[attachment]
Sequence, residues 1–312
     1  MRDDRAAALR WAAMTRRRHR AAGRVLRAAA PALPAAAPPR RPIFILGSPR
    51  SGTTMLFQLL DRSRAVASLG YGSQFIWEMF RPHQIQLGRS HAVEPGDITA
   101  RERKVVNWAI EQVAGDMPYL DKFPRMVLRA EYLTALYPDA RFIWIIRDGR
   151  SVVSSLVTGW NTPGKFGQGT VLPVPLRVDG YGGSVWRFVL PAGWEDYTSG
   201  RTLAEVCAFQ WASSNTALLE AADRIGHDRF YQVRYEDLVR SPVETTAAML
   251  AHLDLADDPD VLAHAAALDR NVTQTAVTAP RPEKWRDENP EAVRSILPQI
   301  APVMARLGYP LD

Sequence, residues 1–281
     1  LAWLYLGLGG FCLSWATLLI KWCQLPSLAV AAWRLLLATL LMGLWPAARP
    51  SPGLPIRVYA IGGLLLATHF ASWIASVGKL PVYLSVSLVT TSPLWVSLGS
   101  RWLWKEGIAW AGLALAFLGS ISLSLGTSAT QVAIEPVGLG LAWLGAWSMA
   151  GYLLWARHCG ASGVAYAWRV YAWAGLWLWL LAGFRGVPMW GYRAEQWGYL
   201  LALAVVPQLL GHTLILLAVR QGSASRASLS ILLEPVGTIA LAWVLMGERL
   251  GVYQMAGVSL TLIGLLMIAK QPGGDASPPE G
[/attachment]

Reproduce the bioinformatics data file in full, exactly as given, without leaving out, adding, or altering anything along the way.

Sequence, residues 1–312
     1  MRDDRAAALR WAAMTRRRHR AAGRVLRAAA PALPAAAPPR RPIFILGSPR
    51  SGTTMLFQLL DRSRAVASLG YGSQFIWEMF RPHQIQLGRS HAVEPGDITA
   101  RERKVVNWAI EQVAGDMPYL DKFPRMVLRA EYLTALYPDA RFIWIIRDGR
   151  SVVSSLVTGW NTPGKFGQGT VLPVPLRVDG YGGSVWRFVL PAGWEDYTSG
   201  RTLAEVCAFQ WASSNTALLE AADRIGHDRF YQVRYEDLVR SPVETTAAML
   251  AHLDLADDPD VLAHAAALDR NVTQTAVTAP RPEKWRDENP EAVRSILPQI
   301  APVMARLGYP LD

Sequence, residues 1–281
     1  LAWLYLGLGG FCLSWATLLI KWCQLPSLAV AAWRLLLATL LMGLWPAARP
    51  SPGLPIRVYA IGGLLLATHF ASWIASVGKL PVYLSVSLVT TSPLWVSLGS
   101  RWLWKEGIAW AGLALAFLGS ISLSLGTSAT QVAIEPVGLG LAWLGAWSMA
   151  GYLLWARHCG ASGVAYAWRV YAWAGLWLWL LAGFRGVPMW GYRAEQWGYL
   201  LALAVVPQLL GHTLILLAVR QGSASRASLS ILLEPVGTIA LAWVLMGERL
   251  GVYQMAGVSL TLIGLLMIAK QPGGDASPPE G